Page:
Thursday, March 8, 2012


Though it sounds nice enough, this is actually known as the “Chinese curse.” “Interesting” has no value. It simply means that someting draws your attention. So St. Maxamilion Kolbe’s life was very interesting, but I would not want to live it. Patty Hirsh’s life was interesting but . . .

So occasionally someone desiring to give a priest a compliment says, “Oh! You should be a bishop some day!” Every priest knows this is meant as a compliment but most know it is an ecclesiastical curse. And for those priests who don’t see it as a curse there is the adage, “He who wants to be a bishop deserves to be one,” also not meant in kindly terms.

If there were glory days for being a bishop they are over and have been for some time. We have occasional glimpses of what seems to be pretty swell lives but those moments are few and far between and not quite what they are cracked up to be. In fact there is a problem about getting priests to become bishops. There was, perhaps, at one time, a false modesty in which a man might refuse the office, “Oh, but I am not worthy,” as opposed to today when it appears that more and more priests say, “No thank you,” and pray they are not asked the second time (when it is much more difficult to say no.)

This post was on the docket today before the latest news broke out in the Diocese of Cleveland. If you missed it the Vatican reversed some of the closings of parishes in this diocese. Now if I do something for which I might be taken to task for by my parishioners it is just that – I have a group of parishioners mad at me. But if I go to the next parish over for dinner they most likely have no idea what I did to make a few people angry. If you are bishop and something like this happens, it is on the front page of the newspaper. As the song goes, “Nowhere to run to nowhere to hide. . .”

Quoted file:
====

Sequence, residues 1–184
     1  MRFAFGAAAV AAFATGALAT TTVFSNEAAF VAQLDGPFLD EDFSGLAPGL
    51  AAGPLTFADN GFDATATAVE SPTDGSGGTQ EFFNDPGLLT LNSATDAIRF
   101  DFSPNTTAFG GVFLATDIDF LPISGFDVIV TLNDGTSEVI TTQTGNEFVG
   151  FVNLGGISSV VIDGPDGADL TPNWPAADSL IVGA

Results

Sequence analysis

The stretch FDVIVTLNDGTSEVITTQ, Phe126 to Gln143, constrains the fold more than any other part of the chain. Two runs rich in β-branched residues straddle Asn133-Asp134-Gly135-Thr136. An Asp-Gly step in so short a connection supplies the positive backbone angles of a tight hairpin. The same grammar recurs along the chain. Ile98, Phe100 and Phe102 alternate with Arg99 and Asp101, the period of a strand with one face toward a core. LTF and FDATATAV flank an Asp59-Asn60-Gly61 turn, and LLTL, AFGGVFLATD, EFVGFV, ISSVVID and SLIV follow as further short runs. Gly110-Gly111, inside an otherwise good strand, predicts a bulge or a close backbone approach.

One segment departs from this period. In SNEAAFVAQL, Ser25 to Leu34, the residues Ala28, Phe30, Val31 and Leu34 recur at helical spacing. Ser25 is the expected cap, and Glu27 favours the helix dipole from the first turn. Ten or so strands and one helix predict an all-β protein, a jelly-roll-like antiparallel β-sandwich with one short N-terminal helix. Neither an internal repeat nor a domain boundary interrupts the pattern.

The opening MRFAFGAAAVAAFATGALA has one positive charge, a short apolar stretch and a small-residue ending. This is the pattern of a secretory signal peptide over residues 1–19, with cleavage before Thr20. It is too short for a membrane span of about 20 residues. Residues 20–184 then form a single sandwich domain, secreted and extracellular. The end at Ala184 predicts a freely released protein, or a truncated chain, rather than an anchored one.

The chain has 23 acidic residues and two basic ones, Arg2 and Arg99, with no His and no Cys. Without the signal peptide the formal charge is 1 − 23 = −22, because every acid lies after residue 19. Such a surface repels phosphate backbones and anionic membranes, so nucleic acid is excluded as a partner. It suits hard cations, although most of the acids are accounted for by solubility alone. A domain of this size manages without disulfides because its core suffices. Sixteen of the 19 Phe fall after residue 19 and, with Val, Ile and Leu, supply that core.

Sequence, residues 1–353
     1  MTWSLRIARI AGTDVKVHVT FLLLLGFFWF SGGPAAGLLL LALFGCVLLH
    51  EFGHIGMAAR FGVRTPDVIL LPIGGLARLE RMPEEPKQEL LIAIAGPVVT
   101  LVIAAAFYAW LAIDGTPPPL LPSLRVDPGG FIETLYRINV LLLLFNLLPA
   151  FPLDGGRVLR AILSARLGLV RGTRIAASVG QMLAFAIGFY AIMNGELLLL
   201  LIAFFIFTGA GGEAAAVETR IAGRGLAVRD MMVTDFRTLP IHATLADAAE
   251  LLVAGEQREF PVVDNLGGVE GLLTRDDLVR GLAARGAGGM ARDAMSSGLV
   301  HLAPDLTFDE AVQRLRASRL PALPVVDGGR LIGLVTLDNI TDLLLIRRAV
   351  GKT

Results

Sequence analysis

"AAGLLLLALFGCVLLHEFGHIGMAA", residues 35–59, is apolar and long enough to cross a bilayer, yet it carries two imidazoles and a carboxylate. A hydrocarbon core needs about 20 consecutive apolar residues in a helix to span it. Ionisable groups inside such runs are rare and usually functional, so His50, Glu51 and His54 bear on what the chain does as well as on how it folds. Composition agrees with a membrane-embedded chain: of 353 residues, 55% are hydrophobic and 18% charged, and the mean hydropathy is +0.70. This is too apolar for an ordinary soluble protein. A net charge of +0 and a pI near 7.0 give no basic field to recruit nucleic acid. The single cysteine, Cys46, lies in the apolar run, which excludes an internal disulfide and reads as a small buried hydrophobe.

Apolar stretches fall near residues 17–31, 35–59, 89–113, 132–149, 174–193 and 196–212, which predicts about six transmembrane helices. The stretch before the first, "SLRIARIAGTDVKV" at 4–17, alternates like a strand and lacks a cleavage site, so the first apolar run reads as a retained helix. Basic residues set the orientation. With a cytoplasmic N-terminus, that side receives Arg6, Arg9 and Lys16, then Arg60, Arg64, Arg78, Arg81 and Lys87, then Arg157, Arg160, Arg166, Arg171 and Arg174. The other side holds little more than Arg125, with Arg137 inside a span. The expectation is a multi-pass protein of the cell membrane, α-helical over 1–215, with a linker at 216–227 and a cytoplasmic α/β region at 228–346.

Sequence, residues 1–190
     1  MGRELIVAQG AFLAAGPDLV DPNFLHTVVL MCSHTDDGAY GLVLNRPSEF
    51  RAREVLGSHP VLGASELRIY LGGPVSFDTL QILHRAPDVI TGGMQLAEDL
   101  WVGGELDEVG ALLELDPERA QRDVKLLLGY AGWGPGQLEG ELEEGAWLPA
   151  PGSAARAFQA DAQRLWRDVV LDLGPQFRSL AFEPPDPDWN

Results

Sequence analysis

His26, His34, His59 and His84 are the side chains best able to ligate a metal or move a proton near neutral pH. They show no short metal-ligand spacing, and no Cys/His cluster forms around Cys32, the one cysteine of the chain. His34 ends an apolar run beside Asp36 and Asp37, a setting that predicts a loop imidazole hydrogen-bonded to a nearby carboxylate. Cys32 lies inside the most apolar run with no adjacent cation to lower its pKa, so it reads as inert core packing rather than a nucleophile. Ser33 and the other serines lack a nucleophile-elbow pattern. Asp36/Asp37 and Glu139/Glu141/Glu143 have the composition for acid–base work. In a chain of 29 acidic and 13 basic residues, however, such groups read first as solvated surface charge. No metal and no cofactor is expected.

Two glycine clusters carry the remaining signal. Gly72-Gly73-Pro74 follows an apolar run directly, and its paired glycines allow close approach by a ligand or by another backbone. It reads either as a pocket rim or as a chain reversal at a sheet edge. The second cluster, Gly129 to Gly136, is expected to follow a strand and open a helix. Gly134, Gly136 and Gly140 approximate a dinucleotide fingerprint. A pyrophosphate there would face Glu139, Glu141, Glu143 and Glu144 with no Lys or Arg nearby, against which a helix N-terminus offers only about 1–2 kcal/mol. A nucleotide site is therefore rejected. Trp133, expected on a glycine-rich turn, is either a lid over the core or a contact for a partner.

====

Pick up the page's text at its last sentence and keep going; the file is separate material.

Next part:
There are some bishops that I tend to agree with and those whose decisions on certain issues I might not, but I don’t believe there is one bishop who wakes up in the morning thinking, “How can I destroy the Catholic Church?” No matter what he might do, he thinks he is doing the best for his diocese – for the people he is charged to serve. I also fully believe that Christ founded a not just a religion but a Church, His Church, and that He left people in charge to assist us; namely the pope and bishops. Like St. Peter they are sometimes brilliant and sometimes not so much. But you know what, 2000 years later and having every other government on earth either defunct or changed dramatically the Catholic Church struggles on. And that God pulls this off using fallible human beings is just further evidence that it is the Holy Spirit holding things together.

So I guess this is a call to respect and honor the office of bishop (and by no means wish it on anybody.) By this I do not mean that everything a bishop does is correct and that concerns should not be brought to his attention (it is our right and duty to do so) but to bear in mind that he is our spiritual father of the local Church and to respect the office. And should things not seem quite right in the state of Denmark to pray all the more for your bishop. The best outcome is that either he or we convert to truth and that we can be united once again in Christ.


ck said...

Ug. I hate to see FutureChurch members feel vindicated. And I feel bad for Bishop Lennon who did what he thought was best in a difficult situation and appears to have been reprimanded for it.

Doesn't the Pope retire to the "Room of Tears" after his appointment? Says something about the whole Bishop job, doesn't it.

W.C. Hoag said...

I don’t believe there is one bishop who wakes up in the morning thinking, “How can I destroy the Catholic Church?"